For every company there will be specific requirements which you have that few others do. For example, if you entertain your clients regularly, you’ll want a field containing their sporting or music preferences so you know what tickets to buy. But a good generic example is a Linkedin profile field. That way, if their email ever bounces or you want to see if your data is current, you can simply click it and it will take you to their profile. Beware of databases that automatically updates their information with changes - this is now illegal.


Mandatory Fields
As you might have guessed, mandatory fields are the most important aspect of database management. When people input data they are generally in a rush and will pay little attention to detail. Mandatory fields protect your organisation against years of abuse. Get them right and you’ll have every customer you’re ever going to have at your fingertips.
By Thomas Bridge 17 Oct, 2016

Unless your website sends automated emails to subscribers, you should send a regular newsletter to everyone on the database.


Why should our company send a newsletter?

There are many main reasons, but here are three key ones:

     1. Cleans / updates data

Every company is only as good as the data it holds. Sending a newsletter checks your data, and gives you the following outputs:

  • Pre-send hard bounces

  • Post-send soft bounces

  • Post-send hard bounces

  • Out of office (OOO) replies

The four lists above are gold dust. Most companies ignore it, the smart ones do business from it.

All three types of bounces at least tell you that the data you had was incorrect (a mis-spelt email address for example) and at most tell you that that person has moved on.

This now gives you two leads:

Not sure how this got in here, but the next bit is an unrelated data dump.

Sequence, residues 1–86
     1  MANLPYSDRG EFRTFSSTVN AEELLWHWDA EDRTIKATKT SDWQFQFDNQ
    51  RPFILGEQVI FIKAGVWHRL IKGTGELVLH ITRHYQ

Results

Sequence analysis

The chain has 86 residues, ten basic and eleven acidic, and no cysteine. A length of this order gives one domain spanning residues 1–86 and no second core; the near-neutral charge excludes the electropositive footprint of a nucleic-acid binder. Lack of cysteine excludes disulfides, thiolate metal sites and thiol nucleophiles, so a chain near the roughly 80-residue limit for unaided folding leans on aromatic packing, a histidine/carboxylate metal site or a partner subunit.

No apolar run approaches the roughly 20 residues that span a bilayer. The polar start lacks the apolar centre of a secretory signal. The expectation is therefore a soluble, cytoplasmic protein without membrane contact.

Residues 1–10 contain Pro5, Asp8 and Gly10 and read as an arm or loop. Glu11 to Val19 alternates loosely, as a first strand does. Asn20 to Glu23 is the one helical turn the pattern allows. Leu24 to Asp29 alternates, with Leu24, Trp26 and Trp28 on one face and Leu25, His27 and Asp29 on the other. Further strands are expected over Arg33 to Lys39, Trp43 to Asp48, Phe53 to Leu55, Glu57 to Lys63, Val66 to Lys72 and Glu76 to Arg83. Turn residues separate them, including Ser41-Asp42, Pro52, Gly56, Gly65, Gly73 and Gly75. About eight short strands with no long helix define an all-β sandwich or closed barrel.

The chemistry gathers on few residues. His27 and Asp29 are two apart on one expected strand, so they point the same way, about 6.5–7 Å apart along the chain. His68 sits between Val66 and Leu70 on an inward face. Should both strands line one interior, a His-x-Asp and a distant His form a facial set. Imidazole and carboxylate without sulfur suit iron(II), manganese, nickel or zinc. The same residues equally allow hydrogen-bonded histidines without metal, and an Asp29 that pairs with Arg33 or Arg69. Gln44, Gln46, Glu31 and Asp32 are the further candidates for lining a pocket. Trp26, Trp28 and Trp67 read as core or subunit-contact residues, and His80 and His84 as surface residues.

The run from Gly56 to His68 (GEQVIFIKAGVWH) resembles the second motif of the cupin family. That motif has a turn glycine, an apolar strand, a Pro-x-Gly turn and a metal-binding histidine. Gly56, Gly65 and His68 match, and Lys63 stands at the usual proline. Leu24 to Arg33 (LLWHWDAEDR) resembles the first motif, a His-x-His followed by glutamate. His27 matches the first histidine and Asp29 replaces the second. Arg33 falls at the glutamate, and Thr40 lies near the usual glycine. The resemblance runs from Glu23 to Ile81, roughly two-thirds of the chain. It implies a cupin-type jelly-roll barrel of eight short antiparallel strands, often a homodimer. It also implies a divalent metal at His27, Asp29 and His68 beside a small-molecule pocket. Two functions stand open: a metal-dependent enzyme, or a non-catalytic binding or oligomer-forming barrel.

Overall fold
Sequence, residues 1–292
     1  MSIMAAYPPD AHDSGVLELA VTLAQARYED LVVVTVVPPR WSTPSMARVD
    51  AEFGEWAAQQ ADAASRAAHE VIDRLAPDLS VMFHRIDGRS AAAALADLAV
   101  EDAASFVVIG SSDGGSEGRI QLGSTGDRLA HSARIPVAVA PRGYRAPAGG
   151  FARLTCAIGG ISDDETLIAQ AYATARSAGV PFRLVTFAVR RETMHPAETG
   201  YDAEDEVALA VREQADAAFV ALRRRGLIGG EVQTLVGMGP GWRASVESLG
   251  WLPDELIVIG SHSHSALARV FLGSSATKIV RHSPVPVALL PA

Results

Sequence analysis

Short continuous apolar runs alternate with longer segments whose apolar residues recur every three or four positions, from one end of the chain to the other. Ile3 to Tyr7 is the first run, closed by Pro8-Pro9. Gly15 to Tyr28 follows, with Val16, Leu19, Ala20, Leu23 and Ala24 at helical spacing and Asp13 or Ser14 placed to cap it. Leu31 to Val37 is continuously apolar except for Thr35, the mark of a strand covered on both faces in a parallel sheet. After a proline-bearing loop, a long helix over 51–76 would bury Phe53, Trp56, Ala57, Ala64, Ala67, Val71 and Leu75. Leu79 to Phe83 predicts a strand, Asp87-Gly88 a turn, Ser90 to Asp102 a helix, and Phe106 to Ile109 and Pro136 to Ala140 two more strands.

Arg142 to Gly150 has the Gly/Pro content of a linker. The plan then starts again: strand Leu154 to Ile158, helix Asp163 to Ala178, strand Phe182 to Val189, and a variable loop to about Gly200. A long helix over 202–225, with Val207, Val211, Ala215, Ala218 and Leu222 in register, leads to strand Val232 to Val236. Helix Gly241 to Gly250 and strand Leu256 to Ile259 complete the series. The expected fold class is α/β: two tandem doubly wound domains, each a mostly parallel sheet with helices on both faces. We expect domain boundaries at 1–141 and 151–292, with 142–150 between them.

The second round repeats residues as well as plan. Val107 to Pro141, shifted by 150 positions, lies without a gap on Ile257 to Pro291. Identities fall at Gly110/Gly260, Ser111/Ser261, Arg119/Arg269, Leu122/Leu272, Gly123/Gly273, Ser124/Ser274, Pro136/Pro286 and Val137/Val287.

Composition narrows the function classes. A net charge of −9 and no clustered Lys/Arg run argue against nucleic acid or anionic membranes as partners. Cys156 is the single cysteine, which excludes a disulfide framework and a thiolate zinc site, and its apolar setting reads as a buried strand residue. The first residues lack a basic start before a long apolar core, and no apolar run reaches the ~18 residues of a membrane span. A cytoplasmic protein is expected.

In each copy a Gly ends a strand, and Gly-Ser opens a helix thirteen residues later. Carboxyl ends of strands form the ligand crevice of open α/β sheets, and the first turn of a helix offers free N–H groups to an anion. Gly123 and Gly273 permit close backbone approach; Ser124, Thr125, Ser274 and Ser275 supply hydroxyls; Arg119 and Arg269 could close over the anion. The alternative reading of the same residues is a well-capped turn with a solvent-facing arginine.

Update the person who has moved on on your database (you should have a link to their Linkedin URL somewhere on their database record, so click that to see where they’ve gone).  You can then contact them to congratulate them on their move. People who’ve started in a new role want to make a quick impact so now is the best time to remind them of your services before they choose someone else or go with the company’s usual provider. You should then repeat this for their replacement, either updating an existing record or adding a new one.

An Out of Office reply can often be even more important - giving you a list of people to contact in their absence, whether it be a planned holiday, maternity or an automated response saying they’ve move on. Often these OOOs contain multiple names, job titles, email addresses and mobile numbers.

If you want to be really swish you could even develop a really smart letter sent to senior people when they change job, offering to take them out to dinner and so on. And for that, you could even track changes in the business press.


    2. Reminds people you exist

Chances are you’re not the only company in your sector, and more than likely it’s a crowded, competitive marketplace. You therefore need to keep your firm front of mind on a regular basis, so that you’re at least one of the firms being considered for whatever services are required.

After all, how often have you been told that your email was ‘good timing’ - the key to good timing is exactly that; timing itself.

Don’t expect to do business off it (unlike direct marketing say) but do expect to do hard-to-track business from it due to increased / maintained brand awareness. It’s not uncommon to get replies to newsletters months later when whatever you’re selling is required by the recipient.